The people have spoken, and they want their beer

With a wealth of com­munity sup­port, the St. Ben­jamin nan­obrew­ery could come to life in South Kens­ing­ton.

Tim Pat­ton, brew­mas­ter and own­er of Saint Ben­jamin Brew­ing Com­pany, had the com­munity’s full sup­port for his pro­posed nan­obrew­ery and brewpub at a zon­ing meet­ing of the South Kens­ing­ton Com­munity Part­ners last week.

Dur­ing the meet­ing, at the Fin­anta build­ing at 1301 N. 2nd St., the as­sembly of 26 un­an­im­ously voted in sup­port of the pro­ject, which would bring a com­bined nan­obrew­ery - one step smal­ler than a mi­cro­brew­ery - and brewpub to 1710 N. 5th St.

Now, the SKCP will write a let­ter of sup­port to the city’s Zon­ing Board of Ad­just­ments to back Pat­ton’s plan, and Pat­ton will file his ap­peal with the board this week and meet with it in Au­gust or Septem­ber.

The in­dus­tri­al build­ing at 1710 N. 5th St. is zoned to al­low Pat­ton to brew, pack­age and dis­trib­ute his beer from in­side, but he has pro­posed zon­ing vari­ances to al­low for a brewpub for pub­lic use and the sale of mer­chand­ise and beer to-go.

He said he wants to keep the brewpub open un­til 2 a.m. each night to provide loc­als, par­tic­u­larly those in the ser­vice in­dustry, a place to grab a good late-night beer in a re­laxed en­vir­on­ment.

Leah Murphy of SKCP, who ad­dressed the meet­ing, asked if any­one had any ob­jec­tions to the brew­ery’s late hours, and one voter in sup­port called out, “I need that!” as oth­ers at the meet­ing laughed.

The brew­ery’s build­ing is set up so that the first floor, at first, will be used for both the brew­ery and brewpub area. Pat­ton said he’d later ex­pand us­able space to the second and third floors of the build­ing, and he will have to re-ap­peal to the zon­ing board for that fu­ture ex­pan­sion.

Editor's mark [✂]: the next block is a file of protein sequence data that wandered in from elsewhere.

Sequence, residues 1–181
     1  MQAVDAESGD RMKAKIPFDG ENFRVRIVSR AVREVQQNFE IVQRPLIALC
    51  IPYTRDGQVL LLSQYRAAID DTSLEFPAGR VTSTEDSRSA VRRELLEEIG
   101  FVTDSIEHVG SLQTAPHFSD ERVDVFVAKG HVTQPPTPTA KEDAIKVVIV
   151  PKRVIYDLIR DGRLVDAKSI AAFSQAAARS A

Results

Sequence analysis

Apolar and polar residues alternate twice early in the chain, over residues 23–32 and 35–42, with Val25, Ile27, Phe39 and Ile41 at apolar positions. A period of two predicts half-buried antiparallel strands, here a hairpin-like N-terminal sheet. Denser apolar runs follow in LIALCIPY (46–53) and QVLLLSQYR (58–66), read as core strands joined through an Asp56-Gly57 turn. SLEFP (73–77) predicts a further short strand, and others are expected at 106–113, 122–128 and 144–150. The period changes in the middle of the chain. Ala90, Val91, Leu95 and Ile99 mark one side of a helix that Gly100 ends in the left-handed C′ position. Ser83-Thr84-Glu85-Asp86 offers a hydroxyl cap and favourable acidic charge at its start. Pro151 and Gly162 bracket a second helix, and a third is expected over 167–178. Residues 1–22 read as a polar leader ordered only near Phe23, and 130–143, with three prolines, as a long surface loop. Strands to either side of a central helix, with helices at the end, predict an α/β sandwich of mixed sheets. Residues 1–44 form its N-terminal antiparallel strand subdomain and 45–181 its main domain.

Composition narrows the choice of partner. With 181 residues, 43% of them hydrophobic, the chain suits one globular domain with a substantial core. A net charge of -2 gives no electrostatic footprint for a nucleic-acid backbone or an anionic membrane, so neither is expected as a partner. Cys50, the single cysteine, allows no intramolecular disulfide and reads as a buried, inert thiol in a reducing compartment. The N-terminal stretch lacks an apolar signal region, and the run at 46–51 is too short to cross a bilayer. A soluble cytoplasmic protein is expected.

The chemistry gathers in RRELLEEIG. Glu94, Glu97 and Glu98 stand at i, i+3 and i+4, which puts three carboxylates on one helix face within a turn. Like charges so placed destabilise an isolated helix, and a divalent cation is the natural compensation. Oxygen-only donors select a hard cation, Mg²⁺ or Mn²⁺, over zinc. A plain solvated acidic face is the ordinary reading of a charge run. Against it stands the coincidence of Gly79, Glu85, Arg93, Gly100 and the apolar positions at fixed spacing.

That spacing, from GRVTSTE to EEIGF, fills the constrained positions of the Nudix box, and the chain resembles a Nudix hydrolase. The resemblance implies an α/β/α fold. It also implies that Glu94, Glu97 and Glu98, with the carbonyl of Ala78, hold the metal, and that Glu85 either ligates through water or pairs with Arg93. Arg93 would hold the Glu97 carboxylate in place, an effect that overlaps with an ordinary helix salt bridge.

On the ground floor, he’ll park his de­liv­ery truck in the gar­age con­nec­ted to the rest of the struc­ture. He said the truck doesn’t pose many traffic prob­lems—he can’t back the truck in or out between the hours of 3:30 and 7 p.m., dur­ing rush hour.

When asked if the brew­ery would emit a smell, Pat­ton as­sured the group that the only no­tice­able odor might be sim­il­ar to the smell a bakery would pro­duce.

Pat­ton dis­cussed some of his oth­er ideas at the meet­ing, such as the en­ergy-ef­fi­cient LED light­ing he in­tends to in­stall along the ex­ter­i­or of the build­ing.

He said he also would in­stall se­cur­ity cam­er­as, which would be­ne­fit the com­munity’s safety. He said that these in­stall­a­tions, as well as the every­day use of the brew­ery, would pro­mote “eyes on the street.”

As he spoke of the in­creased se­cur­ity the brew­ery could bring to the neigh­bor­hood, voters nod­ded in agree­ment.

“I thought there would be at least some op­pos­i­tion [to the pro­ject],” Pat­ton said in an email mes­sage after the meet­ing. “I’m glad the com­munity really wants me to be there.”

Pat­ton said he hopes to open the brew­ery some­time this fall and would like to have the brewpub open by the end of the year.

To learn more about the Saint Ben­jamin Brew­ing Com­pany, vis­it ht­tp://blog.stben­jamin­brew­

Star Man­aging Ed­it­or Mi­kala Jam­is­on can be reached at 215-354-3113 or at mjam­is­

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